Group Fitness Management: Creating a dynamic team

By equipping themselves with the skills to gain and retain an outstanding team of instructors, GFMs can build a truly successful group fitness program, says Kirsty Nield.

  • Group fitness helps form the social life and culture of many clubs, so the role of the Group Fitness Manager is a critical one
  • A group fitness program is only as good as its instructors, so a GFM needs to know exactly what to look for when hiring team members
  • In addition to having the right skillsets, instructors should be reliable team players that are social, energetic and passionate about their health and fitness
  • There are a number of ways to find great instructors, including contacts of existing team members, asking local RTOs, advertising and reaching out to current club PTs and passionate group fitness ‘front rowers’
  • Once you have a great team, you should strive to retain it by making it a priority to acknowledge their achievements, loyalty and reliability.

Most multi-purpose fitness facilities have group fitness as part of their service offering. This is a good thing for all concerned, because it is the group fitness program that helps form the social life and culture of the gym. By making fitness fun and social, it can keep club members coming back week after week and renewing their membership year after year. Indeed, the group fitness department can be the heart and soul of the club: kick starting relationships, providing memorable experiences and getting real fitness results for members.  Having a dynamic group fitness program which facilitates these experiences largely comes down to the instructors who teach the classes, the kind of classes on offer and the facilities in which the classes are held. However, none of this would happen without a great leader – the Group Fitness Manager (GFM).

The Group Fitness Manager

Due to the significance of group fitness, the GFM plays a vital role in the overall success of a club. Being a GFM is a challenging role. You’re on call seven days a week; you need to be versatile and have the skills to teach all sorts of classes; you need to be diplomatic and professional and keep a level head. But that’s not all – you should also be patient, compassionate, understanding, creative, intuitive and resourceful. More? You need to be tough yet kind, a good motivator, have good conflict resolution skills and be a technician. If this sounds like you, welcome to the role, you could be the next amazing leader at your gym!

In an ideal world the group fitness department at every gym would have a huge budget and an abundance of staff, space and resources so it could stay up to date, in good working order and able to run exciting new promotions and initiatives to keep members engaged. Unfortunately, this is seldom the case, and group fitness is often run on a shoestring, in small rooms with little equipment. For this reason it is vital group fitness is run by a manager who can be resourceful and cater for this important part of the gym’s business by providing great classes on a vibrant on-trend timetable, and sourcing great instructors – the ultimate key to group fitness success.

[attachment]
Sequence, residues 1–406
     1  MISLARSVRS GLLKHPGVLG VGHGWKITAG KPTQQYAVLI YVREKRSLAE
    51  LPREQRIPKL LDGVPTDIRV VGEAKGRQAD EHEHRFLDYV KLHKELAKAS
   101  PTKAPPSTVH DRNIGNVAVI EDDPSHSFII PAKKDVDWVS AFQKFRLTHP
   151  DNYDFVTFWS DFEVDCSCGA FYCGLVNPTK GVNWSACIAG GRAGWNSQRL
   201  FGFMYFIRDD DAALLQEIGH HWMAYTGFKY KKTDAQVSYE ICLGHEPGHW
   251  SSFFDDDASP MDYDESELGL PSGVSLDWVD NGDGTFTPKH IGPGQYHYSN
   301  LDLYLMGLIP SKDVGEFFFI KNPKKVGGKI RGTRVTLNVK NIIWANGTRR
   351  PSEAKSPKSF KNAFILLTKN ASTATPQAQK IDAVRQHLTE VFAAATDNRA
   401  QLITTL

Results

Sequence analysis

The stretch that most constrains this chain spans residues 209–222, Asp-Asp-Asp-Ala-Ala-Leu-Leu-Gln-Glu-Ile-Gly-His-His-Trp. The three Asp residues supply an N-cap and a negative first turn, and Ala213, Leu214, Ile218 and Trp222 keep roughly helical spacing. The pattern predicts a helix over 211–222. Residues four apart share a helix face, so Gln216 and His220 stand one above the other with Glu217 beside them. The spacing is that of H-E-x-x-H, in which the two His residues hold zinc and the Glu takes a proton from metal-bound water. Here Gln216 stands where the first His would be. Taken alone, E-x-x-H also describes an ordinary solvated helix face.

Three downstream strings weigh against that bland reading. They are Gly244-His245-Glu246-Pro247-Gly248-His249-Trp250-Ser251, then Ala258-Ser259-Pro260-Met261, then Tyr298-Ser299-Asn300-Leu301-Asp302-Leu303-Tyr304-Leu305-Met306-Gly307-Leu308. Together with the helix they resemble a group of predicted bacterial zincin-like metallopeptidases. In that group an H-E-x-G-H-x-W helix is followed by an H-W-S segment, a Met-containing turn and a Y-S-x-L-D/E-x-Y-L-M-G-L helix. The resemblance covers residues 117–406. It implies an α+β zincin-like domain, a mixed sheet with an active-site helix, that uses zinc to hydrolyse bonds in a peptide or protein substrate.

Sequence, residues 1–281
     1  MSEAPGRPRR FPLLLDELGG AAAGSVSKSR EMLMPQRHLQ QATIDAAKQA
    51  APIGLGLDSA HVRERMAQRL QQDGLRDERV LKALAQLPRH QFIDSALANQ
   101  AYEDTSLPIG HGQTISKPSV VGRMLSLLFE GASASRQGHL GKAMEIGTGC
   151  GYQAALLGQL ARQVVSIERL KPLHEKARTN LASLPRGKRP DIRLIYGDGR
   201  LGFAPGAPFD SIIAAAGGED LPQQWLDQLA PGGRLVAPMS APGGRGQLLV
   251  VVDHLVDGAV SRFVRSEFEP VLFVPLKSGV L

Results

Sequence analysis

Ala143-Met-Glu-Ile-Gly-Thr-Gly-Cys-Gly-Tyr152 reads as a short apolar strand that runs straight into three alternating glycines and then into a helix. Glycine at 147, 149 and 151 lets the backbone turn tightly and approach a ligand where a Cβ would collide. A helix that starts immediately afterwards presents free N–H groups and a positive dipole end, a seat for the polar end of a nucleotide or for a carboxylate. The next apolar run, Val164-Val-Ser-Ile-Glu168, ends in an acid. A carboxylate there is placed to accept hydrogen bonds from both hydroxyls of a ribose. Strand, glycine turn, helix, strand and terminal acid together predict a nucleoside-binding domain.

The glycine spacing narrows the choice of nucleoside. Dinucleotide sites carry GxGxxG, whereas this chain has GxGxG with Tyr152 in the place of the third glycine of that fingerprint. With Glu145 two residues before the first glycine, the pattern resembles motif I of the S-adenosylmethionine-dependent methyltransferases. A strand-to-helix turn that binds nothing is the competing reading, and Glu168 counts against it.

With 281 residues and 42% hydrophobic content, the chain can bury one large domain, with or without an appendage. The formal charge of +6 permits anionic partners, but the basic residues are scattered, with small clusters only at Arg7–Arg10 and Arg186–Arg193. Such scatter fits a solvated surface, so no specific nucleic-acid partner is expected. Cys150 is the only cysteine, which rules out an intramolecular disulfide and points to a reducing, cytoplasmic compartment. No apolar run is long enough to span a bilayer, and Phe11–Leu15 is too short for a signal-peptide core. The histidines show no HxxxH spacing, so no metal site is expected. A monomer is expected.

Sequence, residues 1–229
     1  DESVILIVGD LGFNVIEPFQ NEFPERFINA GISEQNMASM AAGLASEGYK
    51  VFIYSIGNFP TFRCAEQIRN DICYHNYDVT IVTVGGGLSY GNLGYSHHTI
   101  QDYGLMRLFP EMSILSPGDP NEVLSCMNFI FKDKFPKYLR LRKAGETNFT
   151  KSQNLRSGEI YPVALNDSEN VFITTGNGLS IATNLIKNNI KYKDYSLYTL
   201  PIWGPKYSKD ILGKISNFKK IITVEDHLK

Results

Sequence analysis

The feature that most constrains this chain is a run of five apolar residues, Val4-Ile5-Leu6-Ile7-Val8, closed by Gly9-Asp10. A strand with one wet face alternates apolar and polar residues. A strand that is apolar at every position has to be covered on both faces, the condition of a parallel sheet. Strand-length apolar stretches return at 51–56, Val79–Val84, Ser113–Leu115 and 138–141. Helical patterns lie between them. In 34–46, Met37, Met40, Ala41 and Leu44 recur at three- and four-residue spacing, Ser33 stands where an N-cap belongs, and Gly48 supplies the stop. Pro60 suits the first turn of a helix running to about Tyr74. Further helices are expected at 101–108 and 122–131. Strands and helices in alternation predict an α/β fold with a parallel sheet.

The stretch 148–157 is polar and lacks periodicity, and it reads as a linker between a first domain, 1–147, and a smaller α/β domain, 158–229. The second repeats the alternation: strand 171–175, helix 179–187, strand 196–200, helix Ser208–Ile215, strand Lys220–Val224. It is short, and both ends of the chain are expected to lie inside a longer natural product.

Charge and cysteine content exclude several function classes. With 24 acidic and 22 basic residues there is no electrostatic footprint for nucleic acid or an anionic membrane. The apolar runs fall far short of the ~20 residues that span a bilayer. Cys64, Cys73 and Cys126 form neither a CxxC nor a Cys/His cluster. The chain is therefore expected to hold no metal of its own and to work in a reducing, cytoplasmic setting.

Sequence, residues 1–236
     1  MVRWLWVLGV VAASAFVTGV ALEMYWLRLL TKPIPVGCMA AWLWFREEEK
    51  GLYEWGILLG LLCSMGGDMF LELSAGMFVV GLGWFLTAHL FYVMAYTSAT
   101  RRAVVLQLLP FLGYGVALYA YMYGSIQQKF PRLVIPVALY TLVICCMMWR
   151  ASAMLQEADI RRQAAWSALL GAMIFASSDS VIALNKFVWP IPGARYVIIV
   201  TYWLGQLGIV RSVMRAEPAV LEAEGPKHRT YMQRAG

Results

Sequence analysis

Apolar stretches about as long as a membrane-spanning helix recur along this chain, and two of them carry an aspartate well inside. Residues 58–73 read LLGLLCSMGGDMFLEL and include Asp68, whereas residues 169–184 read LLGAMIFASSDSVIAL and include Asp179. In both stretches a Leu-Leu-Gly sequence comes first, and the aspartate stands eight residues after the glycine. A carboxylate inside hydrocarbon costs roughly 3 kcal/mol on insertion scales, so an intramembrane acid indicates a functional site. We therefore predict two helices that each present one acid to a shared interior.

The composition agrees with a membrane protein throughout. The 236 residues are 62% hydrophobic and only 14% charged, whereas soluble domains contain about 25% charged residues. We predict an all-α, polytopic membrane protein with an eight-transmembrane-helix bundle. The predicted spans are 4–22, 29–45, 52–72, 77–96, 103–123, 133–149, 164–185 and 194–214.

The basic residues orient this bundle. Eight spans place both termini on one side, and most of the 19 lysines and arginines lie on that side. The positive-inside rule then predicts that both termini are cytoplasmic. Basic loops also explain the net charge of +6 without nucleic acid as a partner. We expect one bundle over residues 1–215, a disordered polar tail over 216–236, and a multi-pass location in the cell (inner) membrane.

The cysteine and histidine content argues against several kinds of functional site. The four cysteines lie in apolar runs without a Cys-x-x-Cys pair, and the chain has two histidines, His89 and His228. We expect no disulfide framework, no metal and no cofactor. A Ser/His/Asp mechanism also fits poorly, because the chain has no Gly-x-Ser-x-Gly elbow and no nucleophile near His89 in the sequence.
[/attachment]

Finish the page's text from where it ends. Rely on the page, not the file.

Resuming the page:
The instructors

Having the right instructors, with the right skillsets, who appeal to members and are passionate about their health and fitness, will build loyalty from the gym members and keep them coming back to see what they have in store for the next class. So, what features should the GFM prioritise when looking for instructors to join their team? The following attributes are pretty much essential for instructor success:

Reliability. Someone who can’t follow through on commitments and is continually running late or maybe doesn’t even turn up is a GFM’s worst nightmare. The GFM should look for someone who is always early, rarely needs covers, and will fill in whenever they can. These guys are keepers.

Being a team player. The GFM should look for someone who will go out of their way to help other instructors on the team, take part in launches and promotions, share ideas and help out whenever needed.

A burning passion for fitness. These instructors are always looking for new training opportunities and participate in other instructor’s classes. They teach for the love, not the money.

Being super fit. A great instructor is someone who walks the talk, is a great role model and the kind of person members will aspire to be like.

Being multi-skilled and adaptable. The GFM needs to look for someone who is confident and can turn their hand to anything. They will teach a stretch class when the yoga instructor doesn’t turn up and is happy to learn on the job.

Being a social butterfly. They can interact with and relate to members. They love a chat and to listen.

Outgoing and full of energy. No one puts a good instructor in the corner. A great instructor has understated confidence but doesn’t mind being the centre of attention. They are someone people are drawn to and want to know.

Having great musicality. Is it essential for instructors to be able to hear the beat and count a phrase. They know how to move to music and can inspire others to move with them too.

So how do you find great instructors?

The best instructors are not going to fall into the GFM’s lap. It can be difficult finding an instructor that not only has the skills needed to teach the variety of classes on the group fitness timetable, but can also cater for all the member’s needs. In order to find the right instructor, it might be necessary to try a number of different avenues.

Phone a friend…
Firstly, asking existing instructors if they have any friends or peers who are looking for classes is a great – and simple – way of finding new talent. These instructors will usually come fully trained and ready to hit the ground running.

Contact local RTOs